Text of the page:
BLAYDON Rugby Club is battling through one of the most trying times in its 132-year history, thanks to the coronavirus pandemic.
Founded in 1888, the club moved to its Swalwell ‘Crow Trees’ site in 1951, and is a recognised force in North East rugby – but is not immune from the effects of Covid-19.
“It’s not just Blaydon of course, or indeed rugby clubs, but all sports that have been affected, so we are not alone in this,” said Blaydon chairman Bruce Costello.
Mr Costello, a stalwart of the club for over 40 years, added: “We have had terrific support from the RFU, Sport England plus various government initiatives, and those along with tremendous support from our sponsors and members, who have been so generous, both in terms of their time and money, give us confidence that we will see this through”.
The club has been financially hit by Covid-19, having to cancel events ranging from very popular car boot sales to world-renowned circuses.
“On top of this, on a weekend we would be holding functions, like weddings, birthdays, christenings etcetera, which are not happening now – and the odd functions that are, under the present Covid rules, are severely restricted in numbers,” he said.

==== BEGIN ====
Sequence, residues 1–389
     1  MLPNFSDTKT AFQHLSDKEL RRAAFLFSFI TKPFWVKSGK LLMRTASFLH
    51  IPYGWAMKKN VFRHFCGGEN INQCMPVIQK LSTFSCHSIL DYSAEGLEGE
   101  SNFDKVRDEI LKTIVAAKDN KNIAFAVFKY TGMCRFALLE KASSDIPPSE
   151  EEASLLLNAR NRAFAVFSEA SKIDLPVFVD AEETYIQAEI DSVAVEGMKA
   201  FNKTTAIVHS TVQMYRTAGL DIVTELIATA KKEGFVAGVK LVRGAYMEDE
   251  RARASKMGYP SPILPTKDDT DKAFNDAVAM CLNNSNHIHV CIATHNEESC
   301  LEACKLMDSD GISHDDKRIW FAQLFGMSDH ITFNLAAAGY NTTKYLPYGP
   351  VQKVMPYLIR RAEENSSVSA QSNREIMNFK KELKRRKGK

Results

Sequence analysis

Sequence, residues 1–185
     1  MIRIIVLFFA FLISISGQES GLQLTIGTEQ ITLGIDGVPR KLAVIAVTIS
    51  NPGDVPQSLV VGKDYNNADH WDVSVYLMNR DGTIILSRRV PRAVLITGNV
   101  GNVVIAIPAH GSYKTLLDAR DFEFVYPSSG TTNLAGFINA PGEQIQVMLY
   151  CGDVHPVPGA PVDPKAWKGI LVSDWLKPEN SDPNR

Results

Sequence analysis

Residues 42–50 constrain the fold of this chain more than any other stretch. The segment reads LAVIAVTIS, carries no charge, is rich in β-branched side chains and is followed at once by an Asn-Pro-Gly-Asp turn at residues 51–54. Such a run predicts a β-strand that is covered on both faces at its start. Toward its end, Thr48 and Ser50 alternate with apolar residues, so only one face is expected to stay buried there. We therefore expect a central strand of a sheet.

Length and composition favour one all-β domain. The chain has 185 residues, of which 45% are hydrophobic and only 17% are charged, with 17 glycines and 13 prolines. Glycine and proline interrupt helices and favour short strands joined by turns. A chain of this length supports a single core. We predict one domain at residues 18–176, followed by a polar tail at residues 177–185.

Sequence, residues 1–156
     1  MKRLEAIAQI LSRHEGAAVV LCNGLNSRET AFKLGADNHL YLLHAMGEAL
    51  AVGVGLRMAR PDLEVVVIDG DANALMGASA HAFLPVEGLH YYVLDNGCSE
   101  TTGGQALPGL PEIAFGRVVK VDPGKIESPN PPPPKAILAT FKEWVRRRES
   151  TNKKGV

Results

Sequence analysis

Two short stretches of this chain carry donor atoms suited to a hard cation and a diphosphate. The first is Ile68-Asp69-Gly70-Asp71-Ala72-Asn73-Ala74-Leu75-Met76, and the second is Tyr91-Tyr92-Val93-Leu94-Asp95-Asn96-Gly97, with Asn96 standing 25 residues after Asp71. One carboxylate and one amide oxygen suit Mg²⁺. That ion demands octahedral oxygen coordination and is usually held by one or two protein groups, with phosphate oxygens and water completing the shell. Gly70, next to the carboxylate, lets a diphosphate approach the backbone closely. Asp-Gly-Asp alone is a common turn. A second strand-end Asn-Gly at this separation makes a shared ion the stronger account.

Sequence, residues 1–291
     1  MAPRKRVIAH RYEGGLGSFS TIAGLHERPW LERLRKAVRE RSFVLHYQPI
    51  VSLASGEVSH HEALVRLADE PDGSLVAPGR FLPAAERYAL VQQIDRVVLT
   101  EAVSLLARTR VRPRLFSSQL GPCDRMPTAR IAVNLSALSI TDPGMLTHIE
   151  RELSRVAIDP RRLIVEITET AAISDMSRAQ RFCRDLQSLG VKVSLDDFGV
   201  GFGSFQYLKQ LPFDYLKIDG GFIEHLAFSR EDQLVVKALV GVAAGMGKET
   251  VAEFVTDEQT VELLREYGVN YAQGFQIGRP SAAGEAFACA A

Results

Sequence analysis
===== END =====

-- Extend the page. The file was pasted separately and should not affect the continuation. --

The mental effect on the players has also been considerable.
Claire Richardson, safeguarding officer at Blaydon RFC, has to regularly check in with 250 juniors and their parents on the junior side alone, to make sure the loss of their beloved sport is not having potentially long-term negative effects on their mental health.
The problems don’t stop there, though.
There is also the impact on training, in a close-contact sport where contact is now limited. Despite this, club senior men and woman coaches, as well as age-grade coaches have been doing their best to keep the players fit and motivated.
Mr Costello said: “Professional Premiership clubs have been able to play, but are testing for Covid at least three times a week, if not every day. Grassroots rugby can’t do this; at this level, rugby is a passion not a career.
“Few, if any, Championship clubs in the second tier can achieve this, and this testing capacity should be used for the greater good, like, for example, our care and NHS workers,” adds the chairman.
According to latest reports published by the RFU, premiership rugby clubs are spending a combined £3million year on testing their players in order to be able to play.
The RFU has just announced that it will be January next year – or even later – before any competitive rugby is played outside internationals or the premiership.
But the support is still keen, says Mr Costello. “Recently we had a brilliant turnout of all sorts of people, and of all ages helping out with the upkeep of the site. Covid does not stop the grass and hedges growing.”
Blaydon Rugby Club is hoping to come out of the pandemic stronger than ever, and is encouraging people to join its rugby family through membership or sponsorship.